A two-year-old Illinois Supreme Court decision is creating financial troubles for one local hospital.
The Department of Revenue must determine whether Illinois hospitals qualify for property tax exemptions based on charitable contributions to the communities they serve. Currently, it's looking at an appeal from Carthage Memorial Hospital which received these exemptions until 2010.
"Because of the Provena Case, that was all put on hold by the Department of Revenue," Terry Pope, a board member of Memorial Hospital, said.
In 2010, an Illinois Supreme Court decision (Provena Covenant Medical Center vs. the Illinois Department of Revenue) more narrowly defined what constitutes a charitable contribution placing some hospitals, like Carthage, in a position where it would now have to pay property taxes.
To get an exemption, a charity would have to meet several criteria:1 â?? has no capital, capital stock, or shareholders2 â?? derives its funds mainly from private and public charity3 â?? dispenses charity to all who need and apply4 â?? does not provide gain or profit in a private sense to any person connected with it5 â?? places no obstacles in way of those who need and would avail themselves of charity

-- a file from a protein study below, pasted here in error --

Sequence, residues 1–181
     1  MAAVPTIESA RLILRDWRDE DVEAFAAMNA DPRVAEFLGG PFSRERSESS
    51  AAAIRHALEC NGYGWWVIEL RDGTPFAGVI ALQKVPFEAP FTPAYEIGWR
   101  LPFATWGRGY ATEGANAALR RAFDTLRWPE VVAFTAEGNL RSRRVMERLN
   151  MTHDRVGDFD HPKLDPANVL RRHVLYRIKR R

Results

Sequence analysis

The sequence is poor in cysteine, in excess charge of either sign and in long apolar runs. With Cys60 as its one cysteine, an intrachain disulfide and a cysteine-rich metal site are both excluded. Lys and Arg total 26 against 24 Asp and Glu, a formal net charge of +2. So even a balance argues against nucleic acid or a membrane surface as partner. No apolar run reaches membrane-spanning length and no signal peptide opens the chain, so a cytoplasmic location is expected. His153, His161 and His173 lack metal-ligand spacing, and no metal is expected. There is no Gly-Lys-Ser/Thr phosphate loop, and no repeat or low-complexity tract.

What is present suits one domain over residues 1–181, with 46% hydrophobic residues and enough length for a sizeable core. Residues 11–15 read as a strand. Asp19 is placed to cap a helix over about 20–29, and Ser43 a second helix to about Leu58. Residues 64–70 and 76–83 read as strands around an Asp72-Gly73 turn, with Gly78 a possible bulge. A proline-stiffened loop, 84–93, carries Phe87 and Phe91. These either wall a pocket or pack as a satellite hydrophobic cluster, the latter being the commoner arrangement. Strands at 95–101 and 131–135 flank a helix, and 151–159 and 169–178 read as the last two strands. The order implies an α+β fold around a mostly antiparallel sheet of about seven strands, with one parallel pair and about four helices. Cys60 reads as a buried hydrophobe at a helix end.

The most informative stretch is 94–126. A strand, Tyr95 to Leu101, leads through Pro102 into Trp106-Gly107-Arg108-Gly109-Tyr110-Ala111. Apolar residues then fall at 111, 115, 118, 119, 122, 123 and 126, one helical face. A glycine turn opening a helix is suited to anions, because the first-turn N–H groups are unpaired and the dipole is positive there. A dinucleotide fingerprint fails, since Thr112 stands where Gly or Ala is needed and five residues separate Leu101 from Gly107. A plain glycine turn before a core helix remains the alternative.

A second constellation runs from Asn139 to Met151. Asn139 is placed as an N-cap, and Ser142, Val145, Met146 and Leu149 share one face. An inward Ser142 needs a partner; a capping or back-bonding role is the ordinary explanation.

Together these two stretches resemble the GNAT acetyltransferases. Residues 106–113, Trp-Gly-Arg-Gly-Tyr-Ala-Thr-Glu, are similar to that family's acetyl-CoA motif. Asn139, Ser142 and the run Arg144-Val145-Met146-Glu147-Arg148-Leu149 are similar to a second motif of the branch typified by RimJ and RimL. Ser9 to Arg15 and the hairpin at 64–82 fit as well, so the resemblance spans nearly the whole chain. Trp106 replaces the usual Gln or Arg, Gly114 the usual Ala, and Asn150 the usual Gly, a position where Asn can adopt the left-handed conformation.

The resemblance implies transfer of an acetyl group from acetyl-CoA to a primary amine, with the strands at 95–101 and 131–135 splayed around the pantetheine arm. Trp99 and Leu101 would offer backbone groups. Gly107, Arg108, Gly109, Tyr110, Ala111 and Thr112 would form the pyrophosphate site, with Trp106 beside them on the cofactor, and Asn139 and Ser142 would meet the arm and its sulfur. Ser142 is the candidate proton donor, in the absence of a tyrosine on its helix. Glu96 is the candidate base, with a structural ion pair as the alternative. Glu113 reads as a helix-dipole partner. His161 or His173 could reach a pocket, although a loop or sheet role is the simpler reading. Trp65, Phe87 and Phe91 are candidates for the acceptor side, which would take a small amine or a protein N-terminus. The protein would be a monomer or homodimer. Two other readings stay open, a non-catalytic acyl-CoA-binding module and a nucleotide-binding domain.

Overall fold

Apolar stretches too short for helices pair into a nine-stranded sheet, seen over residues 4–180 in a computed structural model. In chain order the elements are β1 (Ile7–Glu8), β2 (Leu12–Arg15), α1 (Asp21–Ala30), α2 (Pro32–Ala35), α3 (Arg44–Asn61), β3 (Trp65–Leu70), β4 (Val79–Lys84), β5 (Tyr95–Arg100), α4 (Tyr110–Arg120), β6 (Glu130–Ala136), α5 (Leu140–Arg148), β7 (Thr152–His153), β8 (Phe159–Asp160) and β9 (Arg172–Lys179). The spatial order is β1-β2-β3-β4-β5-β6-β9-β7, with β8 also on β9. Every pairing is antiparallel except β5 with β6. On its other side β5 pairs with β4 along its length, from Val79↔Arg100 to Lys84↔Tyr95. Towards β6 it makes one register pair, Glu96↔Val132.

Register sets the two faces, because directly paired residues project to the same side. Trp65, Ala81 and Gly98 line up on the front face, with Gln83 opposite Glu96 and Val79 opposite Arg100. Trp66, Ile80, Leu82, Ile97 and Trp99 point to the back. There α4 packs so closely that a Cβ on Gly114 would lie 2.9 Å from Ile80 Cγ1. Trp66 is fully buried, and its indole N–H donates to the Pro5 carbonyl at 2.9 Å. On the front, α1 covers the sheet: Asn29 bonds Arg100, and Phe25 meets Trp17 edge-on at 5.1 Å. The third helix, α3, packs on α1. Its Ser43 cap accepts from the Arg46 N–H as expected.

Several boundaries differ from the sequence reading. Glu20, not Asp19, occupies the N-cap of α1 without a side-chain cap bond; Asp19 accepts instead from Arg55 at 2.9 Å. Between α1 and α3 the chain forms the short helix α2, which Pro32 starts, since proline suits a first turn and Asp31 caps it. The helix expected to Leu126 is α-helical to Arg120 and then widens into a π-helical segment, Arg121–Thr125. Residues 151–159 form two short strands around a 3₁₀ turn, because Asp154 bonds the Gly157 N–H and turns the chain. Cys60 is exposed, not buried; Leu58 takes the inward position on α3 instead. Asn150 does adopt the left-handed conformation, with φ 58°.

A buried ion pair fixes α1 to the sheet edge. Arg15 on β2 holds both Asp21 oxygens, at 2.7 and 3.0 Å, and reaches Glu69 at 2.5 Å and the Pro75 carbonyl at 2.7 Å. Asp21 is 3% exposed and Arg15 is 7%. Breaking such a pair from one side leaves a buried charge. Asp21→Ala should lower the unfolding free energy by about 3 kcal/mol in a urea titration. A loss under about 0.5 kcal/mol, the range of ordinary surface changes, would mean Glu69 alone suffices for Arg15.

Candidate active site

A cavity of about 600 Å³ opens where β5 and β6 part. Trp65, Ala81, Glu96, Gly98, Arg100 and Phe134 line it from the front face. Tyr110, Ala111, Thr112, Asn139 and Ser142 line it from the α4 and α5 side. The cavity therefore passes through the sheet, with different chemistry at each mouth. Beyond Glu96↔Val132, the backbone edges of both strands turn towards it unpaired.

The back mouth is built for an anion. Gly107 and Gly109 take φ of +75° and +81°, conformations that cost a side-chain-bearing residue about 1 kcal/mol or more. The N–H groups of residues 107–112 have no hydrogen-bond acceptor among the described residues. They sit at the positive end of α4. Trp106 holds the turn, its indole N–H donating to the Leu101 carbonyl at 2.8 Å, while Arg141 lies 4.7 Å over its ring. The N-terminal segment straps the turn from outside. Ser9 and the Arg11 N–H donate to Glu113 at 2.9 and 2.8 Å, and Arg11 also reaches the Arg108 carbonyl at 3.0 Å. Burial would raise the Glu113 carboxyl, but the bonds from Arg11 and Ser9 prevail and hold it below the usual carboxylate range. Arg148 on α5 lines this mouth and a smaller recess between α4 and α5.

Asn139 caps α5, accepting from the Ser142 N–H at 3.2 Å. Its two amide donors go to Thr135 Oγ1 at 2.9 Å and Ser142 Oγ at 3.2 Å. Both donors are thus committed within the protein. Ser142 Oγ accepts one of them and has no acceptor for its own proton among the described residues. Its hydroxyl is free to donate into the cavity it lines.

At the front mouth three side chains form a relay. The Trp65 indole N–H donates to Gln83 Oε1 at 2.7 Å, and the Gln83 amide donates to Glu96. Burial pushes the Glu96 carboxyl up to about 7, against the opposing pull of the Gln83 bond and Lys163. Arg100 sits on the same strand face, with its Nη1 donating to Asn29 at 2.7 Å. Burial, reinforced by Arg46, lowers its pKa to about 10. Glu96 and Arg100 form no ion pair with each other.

This would not include health fairs and screenings or Medicaid and Medicare reimbursement, areas smaller hospitals like Carthage Memorial have considered charity.
"Because of that, we're being held back from having that exemption. That exemption cost us quite a bit," Pope said.
Pope said that amounts to more than $150,000 a year.
"Where you provide the charity care has become the issue. The Department of Revenue has said it needs to be in the hospital. We're saying, if we do it in the county, if we do it in conjunction with our health department and others that, that should count, because we are providing care at a cost, but not a cost to the public," Pope said.
The hospital appealed to the governor's office to delay a Department of Revenue decision. Pope believes there can be a legislative fix to the problem.
"That is money that could be used for staff or services that we don't have available, that we would have had, had we gotten the exemption," Pope said.
While the hospital awaits its fate, it's currently put a freeze on salaries and hiring. This comes at a time when the hospital like many others are already suffering from Medicaid and Medicare cuts.
Neither Governor Pat Quinn or the Department of Revenue have made a decision on Carthage's appeal.